Cancer Research 09/2014; 74(21). DOI:10.1158/0008-5472.CAN-13-3195 · 9.33 Impact Factor
  • European Journal of Cancer 07/2014; 50:S113. DOI:10.1016/S0959-8049(14)50418-2 · 5.42 Impact Factor
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    ABSTRACT: Rapid advances in DNA sequencing promise to enable new diagnostics and individualized therapies. Achieving personalized medicine, however, will require extensive research on highly reidentifiable, integrated datasets of genomic and health information. To assist with this, participants in the Personal Genome Project choose to forgo privacy via our institutional review board- approved "open consent" process. The contribution of public data and samples facilitates both scientific discovery and standardization of methods. We present our findings after enrollment of more than 1,800 participants, including whole-genome sequencing of 10 pilot participant genomes (the PGP-10). We introduce the Genome-Environment-Trait Evidence (GET-Evidence) system. This tool automatically processes genomes and prioritizes both published and novel variants for interpretation. In the process of reviewing the presumed healthy PGP-10 genomes, we find numerous literature references implying serious disease. Although it is sometimes impossible to rule out a late-onset effect, stringent evidence requirements can address the high rate of incidental findings. To that end we develop a peer production system for recording and organizing variant evaluations according to standard evidence guidelines, creating a public forum for reaching consensus on interpretation of clinically relevant variants. Genome analysis becomes a two-step process: using a prioritized list to record variant evaluations, then automatically sorting reviewed variants using these annotations. Genome data, health and trait information, participant samples, and variant interpretations are all shared in the public domain-we invite others to review our results using our participant samples and contribute to our interpretations. We offer our public resource and methods to further personalized medical research.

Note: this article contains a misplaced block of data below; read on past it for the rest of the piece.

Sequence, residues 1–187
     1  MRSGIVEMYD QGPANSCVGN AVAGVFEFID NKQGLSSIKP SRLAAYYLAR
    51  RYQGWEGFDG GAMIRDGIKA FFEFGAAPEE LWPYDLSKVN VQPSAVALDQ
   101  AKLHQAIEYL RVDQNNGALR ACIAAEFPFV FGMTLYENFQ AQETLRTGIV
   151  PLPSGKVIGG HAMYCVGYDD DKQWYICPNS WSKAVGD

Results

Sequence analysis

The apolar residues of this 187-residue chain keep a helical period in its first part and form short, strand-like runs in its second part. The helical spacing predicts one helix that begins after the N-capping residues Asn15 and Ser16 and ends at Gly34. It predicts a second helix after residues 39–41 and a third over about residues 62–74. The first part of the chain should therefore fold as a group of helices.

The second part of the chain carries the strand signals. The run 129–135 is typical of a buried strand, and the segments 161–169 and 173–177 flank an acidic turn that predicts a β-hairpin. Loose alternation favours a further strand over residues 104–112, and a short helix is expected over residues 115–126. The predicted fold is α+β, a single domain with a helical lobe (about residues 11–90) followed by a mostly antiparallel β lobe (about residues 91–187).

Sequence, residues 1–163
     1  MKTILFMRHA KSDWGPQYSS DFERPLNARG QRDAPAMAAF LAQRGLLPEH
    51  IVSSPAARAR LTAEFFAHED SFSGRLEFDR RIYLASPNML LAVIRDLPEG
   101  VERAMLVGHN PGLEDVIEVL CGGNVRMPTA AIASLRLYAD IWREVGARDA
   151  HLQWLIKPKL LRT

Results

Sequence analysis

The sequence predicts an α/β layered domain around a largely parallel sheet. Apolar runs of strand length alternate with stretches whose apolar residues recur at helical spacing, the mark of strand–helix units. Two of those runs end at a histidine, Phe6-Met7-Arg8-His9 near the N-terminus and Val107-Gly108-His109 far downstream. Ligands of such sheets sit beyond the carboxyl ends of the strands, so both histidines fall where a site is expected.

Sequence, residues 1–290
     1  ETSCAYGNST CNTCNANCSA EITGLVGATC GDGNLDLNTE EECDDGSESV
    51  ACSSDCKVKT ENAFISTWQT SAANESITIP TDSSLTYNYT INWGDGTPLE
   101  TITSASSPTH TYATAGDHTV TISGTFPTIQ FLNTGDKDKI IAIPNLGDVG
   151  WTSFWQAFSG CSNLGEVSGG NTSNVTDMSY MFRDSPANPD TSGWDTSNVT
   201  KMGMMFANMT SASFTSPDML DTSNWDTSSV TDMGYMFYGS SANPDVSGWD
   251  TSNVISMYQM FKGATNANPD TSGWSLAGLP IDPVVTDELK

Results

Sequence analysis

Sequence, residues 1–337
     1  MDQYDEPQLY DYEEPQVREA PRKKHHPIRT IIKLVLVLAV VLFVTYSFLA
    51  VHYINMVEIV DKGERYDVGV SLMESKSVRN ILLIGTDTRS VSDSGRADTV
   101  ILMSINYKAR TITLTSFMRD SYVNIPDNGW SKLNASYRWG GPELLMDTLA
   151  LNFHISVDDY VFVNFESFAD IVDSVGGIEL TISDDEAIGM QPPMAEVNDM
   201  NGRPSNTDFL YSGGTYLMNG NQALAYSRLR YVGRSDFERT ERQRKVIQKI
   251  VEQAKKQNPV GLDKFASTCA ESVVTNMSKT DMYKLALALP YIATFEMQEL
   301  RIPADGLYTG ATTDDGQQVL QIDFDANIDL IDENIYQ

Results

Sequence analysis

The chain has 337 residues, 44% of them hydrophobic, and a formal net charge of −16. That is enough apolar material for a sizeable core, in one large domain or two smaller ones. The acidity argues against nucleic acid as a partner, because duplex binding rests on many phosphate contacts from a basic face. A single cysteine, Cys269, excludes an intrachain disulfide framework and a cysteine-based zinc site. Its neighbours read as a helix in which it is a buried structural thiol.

Proceedings of the National Academy of Sciences 07/2012; 109(30):11920-7. DOI:10.1073/pnas.1201904109 · 9.67 Impact Factor
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    ABSTRACT: Recent advances in whole-genome sequencing have brought the vision of personal genomics and genomic medicine closer to reality. However, current methods lack clinical accuracy and the ability to describe the context (haplotypes) in which genome variants co-occur in a cost-effective manner. Here we describe a low-cost DNA sequencing and haplotyping process, long fragment read (LFR) technology, which is similar to sequencing long single DNA molecules without cloning or separation of metaphase chromosomes. In this study, ten LFR libraries were made using only ∼100 picograms of human DNA per sample. Up to 97% of the heterozygous single nucleotide variants were assembled into long haplotype contigs. Removal of false positive single nucleotide variants not phased by multiple LFR haplotypes resulted in a final genome error rate of 1 in 10 megabases. Cost-effective and accurate genome sequencing and haplotyping from 10-20 human cells, as demonstrated here, will enable comprehensive genetic studies and diverse clinical applications.
    Nature 07/2012; 487(7406):190-5. DOI:10.1038/nature11236 · 41.46 Impact Factor